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In Memoriam: Michael Siciliano, PhD

June 02, 2024
Gillian Kruse/MD Anderson Cancer Center

Michael Siciliano, PhD

Michael Siciliano, PhD, former professor of Molecular Genetics, died May 3. He’s remembered for his passion for teaching and scientific integrity.

Siciliano joined MD Anderson as a postdoctoral fellow in 1970 and joined the faculty as an assistant professor in 1972, when he also joined the faculty of our graduate school of biomedical sciences. He ascended the ranks to full professor and was given the endowed chair of Kenneth D. Muller Professor of Tumor Genetics, which he held until his retirement in 2008.

Over his long career, he was dedicated to high quality work in the lab and mentoring of students and junior faculty members to form critical thinkers in the next generation of geneticists. He kept in touch with many of his former trainees and remained a friend and mentor to many over the decades and helped introduce his current students to a wider scientific network outside of GSBS through them at conferences and other scientific events.


“He taught me how to approach science,” says Mary Coolbaugh-Murphy, Ph.D., assistant professor, School of Health Professions. “We had tight and complete data sets and made sure we’d filled in all the gaps – he wanted us to make sure we’re doing the right thing because our patients are counting on us.”


His lab focused on gene mapping and was instrumental in locating the myotonic dystrophy (DM1) gene, known for its involvement in myotonic dystrophy, the most common adult-onset neuromuscular disease. He began as a somatic cell geneticist, an area of human genetics which is no longer very active since the human genome has since been fully mapped.

“His group was really instrumental in mapping specific genes, generating many reagents, and that was what attracted me to join his lab,” says Ralf Krahe, PhD, professor, Genetics. “He wasn’t shy to implement new techniques or technologies, and it was a very exciting time to be in the lab and to contribute to the human genome project.”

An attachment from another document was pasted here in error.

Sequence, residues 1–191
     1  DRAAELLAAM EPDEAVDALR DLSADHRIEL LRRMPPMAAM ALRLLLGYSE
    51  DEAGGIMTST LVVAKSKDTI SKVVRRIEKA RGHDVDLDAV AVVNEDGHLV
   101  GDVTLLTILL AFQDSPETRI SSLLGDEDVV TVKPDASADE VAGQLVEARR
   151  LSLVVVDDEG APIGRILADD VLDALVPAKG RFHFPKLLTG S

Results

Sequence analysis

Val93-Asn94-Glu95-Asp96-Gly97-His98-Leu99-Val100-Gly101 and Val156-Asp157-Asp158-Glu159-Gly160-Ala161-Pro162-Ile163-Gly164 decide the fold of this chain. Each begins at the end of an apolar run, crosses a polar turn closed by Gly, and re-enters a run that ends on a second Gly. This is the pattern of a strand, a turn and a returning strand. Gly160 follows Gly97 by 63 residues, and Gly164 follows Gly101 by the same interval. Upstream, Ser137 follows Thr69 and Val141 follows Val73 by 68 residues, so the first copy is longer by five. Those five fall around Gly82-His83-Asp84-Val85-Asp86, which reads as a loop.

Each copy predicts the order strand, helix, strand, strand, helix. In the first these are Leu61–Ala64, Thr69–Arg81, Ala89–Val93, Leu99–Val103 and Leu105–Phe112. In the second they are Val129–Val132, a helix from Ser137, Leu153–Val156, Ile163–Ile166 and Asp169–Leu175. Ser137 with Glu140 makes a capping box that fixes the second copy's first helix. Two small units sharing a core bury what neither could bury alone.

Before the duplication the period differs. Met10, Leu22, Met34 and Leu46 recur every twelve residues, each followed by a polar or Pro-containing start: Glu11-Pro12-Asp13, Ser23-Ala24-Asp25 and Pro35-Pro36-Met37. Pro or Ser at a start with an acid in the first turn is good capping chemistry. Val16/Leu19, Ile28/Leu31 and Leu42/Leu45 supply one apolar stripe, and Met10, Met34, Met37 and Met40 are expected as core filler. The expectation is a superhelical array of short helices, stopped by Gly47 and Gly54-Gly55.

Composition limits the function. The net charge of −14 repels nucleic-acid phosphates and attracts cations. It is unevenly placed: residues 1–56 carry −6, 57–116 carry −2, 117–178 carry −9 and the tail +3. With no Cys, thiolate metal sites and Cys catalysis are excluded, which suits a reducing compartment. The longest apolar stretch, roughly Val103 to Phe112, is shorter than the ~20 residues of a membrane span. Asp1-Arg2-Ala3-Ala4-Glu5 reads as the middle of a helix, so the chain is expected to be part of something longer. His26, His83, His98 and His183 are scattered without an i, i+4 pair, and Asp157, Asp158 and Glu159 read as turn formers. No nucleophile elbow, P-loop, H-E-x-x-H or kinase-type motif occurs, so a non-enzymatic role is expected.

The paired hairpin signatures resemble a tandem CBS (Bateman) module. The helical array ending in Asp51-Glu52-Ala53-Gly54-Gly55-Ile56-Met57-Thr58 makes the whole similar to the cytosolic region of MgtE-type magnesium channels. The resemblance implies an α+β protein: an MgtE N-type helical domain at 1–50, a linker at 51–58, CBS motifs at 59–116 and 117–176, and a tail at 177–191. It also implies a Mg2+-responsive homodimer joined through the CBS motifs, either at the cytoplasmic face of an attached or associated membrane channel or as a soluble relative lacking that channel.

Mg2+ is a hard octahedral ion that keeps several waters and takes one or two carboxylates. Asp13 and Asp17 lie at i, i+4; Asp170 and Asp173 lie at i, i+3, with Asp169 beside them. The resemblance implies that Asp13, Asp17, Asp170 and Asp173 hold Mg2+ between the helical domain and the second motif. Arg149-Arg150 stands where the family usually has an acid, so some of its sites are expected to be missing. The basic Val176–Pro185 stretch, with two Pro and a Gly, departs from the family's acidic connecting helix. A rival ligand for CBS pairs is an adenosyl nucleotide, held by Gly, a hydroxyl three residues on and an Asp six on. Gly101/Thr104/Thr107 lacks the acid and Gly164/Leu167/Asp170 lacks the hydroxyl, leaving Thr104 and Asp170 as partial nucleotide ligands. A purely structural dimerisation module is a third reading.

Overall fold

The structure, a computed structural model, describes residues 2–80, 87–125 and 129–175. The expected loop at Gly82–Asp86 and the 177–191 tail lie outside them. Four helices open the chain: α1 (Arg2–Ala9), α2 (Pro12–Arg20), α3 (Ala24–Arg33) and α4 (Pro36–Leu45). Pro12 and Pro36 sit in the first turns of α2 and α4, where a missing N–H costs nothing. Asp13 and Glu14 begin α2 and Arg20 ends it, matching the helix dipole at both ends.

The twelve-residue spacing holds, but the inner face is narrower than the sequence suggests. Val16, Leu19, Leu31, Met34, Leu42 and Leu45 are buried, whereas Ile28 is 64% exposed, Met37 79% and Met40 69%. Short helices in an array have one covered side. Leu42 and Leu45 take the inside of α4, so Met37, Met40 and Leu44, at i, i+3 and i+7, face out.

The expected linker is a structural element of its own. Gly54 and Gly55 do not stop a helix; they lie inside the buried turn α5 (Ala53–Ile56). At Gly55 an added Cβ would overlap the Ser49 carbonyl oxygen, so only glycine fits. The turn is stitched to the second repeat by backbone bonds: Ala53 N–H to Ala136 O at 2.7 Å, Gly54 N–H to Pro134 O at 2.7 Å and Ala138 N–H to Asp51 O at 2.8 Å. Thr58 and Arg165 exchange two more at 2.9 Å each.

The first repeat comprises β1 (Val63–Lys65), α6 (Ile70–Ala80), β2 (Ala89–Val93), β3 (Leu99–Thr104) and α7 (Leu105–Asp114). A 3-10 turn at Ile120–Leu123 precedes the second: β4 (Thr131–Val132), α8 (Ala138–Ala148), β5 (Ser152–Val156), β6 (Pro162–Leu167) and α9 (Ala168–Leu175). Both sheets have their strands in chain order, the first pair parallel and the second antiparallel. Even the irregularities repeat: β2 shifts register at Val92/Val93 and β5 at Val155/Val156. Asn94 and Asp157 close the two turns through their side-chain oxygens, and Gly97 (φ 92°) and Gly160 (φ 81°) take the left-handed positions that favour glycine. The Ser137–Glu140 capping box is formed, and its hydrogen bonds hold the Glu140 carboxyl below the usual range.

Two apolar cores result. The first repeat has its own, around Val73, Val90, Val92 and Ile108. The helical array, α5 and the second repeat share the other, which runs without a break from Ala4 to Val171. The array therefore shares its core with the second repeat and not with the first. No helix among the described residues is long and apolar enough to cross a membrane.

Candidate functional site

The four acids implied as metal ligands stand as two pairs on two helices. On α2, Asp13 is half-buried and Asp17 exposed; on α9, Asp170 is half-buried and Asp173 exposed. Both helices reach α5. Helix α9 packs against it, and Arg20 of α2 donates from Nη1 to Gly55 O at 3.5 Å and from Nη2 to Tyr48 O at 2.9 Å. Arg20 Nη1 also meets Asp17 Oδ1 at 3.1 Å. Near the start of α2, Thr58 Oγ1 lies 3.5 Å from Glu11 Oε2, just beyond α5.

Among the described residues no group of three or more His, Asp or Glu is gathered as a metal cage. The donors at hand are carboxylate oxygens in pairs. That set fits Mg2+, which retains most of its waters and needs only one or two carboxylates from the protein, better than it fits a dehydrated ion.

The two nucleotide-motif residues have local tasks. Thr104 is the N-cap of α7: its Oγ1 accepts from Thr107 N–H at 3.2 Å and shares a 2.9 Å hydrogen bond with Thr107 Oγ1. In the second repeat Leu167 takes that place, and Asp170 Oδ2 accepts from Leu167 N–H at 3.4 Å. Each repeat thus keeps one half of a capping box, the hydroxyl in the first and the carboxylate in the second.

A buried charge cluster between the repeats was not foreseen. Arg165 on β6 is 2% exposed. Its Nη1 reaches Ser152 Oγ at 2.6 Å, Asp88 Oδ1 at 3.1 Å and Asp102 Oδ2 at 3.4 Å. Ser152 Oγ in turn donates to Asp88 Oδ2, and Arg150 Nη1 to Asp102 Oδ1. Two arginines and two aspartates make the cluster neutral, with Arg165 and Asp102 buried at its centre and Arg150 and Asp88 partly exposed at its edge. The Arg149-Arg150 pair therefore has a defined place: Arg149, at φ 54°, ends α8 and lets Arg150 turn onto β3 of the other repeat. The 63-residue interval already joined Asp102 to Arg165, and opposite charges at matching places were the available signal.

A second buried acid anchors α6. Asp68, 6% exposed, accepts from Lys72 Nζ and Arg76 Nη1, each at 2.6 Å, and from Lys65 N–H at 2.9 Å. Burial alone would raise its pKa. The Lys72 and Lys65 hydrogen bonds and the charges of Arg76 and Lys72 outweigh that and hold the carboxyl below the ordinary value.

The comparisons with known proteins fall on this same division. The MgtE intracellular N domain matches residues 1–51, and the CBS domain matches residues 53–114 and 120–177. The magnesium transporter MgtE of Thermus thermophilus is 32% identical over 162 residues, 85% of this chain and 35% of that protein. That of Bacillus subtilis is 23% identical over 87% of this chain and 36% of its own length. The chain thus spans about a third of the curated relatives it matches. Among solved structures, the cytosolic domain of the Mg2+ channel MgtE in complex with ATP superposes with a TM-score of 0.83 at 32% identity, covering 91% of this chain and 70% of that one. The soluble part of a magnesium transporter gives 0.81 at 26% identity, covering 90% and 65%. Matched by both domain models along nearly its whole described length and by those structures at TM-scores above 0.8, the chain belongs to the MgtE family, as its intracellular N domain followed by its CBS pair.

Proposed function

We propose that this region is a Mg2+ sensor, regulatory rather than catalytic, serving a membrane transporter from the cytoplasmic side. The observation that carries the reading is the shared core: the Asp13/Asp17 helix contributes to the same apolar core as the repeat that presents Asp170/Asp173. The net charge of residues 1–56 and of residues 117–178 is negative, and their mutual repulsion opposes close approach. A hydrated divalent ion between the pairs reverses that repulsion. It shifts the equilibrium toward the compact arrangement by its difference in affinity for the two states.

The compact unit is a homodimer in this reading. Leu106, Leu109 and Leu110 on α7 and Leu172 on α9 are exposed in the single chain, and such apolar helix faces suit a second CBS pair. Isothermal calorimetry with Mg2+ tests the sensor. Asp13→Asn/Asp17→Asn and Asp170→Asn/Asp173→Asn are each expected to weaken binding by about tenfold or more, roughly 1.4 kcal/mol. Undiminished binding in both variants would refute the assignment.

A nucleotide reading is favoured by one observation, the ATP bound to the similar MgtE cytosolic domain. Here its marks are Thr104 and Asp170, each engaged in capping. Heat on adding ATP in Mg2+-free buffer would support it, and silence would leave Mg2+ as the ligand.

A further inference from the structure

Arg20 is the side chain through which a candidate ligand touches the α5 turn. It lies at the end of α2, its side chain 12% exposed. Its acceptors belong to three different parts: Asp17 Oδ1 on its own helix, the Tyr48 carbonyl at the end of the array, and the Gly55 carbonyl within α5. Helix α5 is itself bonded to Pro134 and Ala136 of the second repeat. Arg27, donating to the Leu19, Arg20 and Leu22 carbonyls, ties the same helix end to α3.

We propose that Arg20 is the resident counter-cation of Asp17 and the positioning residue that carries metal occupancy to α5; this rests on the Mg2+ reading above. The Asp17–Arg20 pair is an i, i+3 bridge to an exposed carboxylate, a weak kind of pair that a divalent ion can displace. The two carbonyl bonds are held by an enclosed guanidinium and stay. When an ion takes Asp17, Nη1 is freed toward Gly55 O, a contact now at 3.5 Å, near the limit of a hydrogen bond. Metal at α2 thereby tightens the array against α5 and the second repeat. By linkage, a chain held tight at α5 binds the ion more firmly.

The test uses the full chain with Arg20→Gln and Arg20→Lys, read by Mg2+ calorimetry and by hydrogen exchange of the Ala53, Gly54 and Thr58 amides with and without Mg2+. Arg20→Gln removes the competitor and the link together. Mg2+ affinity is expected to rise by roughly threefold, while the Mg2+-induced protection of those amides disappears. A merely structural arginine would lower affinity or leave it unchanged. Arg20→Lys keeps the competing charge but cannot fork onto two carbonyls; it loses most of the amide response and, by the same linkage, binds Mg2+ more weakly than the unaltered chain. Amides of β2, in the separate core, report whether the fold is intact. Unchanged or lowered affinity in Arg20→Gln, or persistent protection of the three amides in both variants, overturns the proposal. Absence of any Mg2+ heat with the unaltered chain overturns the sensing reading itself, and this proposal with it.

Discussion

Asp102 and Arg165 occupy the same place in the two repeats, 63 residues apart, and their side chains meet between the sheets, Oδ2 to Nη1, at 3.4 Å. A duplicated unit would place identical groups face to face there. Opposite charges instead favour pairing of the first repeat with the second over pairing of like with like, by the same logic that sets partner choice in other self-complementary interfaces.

Siciliano was also involved with many different committees at MD Anderson and in the graduate school, as well as being an active member of the Faculty Senate. He was elected as the chair of the Faculty Senate in 1995, the third faculty member to serve in this role. He later served as chair of the UT System Faculty Advisory Council, where he interacted with leaders and administrators from all UT institutions.

“Mike participated with enthusiasm and conviction in nearly every facet of faculty governance,” says Eugenie Kleinerman, MD, a GSBS faculty member, and professor, Pediatrics Research.

Outside of work, he was known as an avid fisherman and would often go on fishing trips with fellow scientists. Siciliano also was a huge fan of Houston sports and had season tickets to the Astros, which he would share with his colleagues and trainees when he was unable to make a game.

“He was so generous and kind underneath his rough façade that he showed to others,” recalls Coolbaugh-Murphy. “Mike was very protective of his students and trainees and taught us what we needed to succeed in the scientific world.”

Krahe agrees.

“Mike was a wonderful storyteller of scientific discoveries, and he wanted all of those who worked with him to be able to do it, too,” he recalls. “No matter what you do, you have to be able to tell a story to communicate your data and your discoveries. He will be greatly missed by us all.”

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